At one time, melting-out disease was considered to be one of the most important diseases effecting Kentucky bluegrass and other cool-season turfgrasses, as well as bermudagrass. Although it is still a problem, many resistant cultivars and management strategies have been developed for melting-out, thus making it easier to manage. This fungal disease affects all parts of the plant, including leaves, shoots, and roots.
Melting-out disease first forms leaf spots in a ?bulls-eye? pattern before it spreads to the leaf sheaths, crown and roots, ultimately killing the plant. During hot weather, the leaf symptoms may not occur, but the rest of the plant is affected. Multiple dead plants form a patch and several patches will combine as the disease spreads causing the turfgrass to appear to be melting-outwards.
The disease is caused by the fungi drechslera and bipolaris. These fungi attack living tissue under specific environmental conditions, typically in the spring. When the fungi spores are exposed to appropriate temperatures and moisture on leaf blades for a few hours, they germinate and penetrate the leaf tissue. Once this happens, the cells of the turfgrass are killed, causing the spots to form. Asexual spores, called conidia, are produced on the infected tissue within a few days to repeat the cycle.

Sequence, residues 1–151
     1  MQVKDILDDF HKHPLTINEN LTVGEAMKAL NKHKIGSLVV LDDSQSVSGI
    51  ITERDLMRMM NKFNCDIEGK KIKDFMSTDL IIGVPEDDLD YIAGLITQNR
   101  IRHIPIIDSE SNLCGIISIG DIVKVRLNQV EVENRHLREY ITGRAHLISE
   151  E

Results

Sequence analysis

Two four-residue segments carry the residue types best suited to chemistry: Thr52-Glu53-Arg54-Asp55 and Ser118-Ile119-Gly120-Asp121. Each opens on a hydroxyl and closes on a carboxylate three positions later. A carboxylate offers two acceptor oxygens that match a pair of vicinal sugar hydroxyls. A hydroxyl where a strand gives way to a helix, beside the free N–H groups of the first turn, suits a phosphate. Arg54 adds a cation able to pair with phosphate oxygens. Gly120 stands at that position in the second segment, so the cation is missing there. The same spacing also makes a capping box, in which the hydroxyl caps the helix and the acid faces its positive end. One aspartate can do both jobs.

Cultural Controls include improving soil aeration and water drainage along followed by re-seeding with resistant grasses. Avoid using an excess of nitrogen in the spring. If watering is required, water early in the day.
Chemical Controls include using fungicides if they are applied when the disease first begins to appear. If the disease repeatedly appears in the same area, then a combination of chemical and cultural controls should be considered.
Avoid applying broadleaf herbicides such as 2,4-D and plant growth regulators when leaf spot or melting-out disease is present, they encourage its growth, development and spread.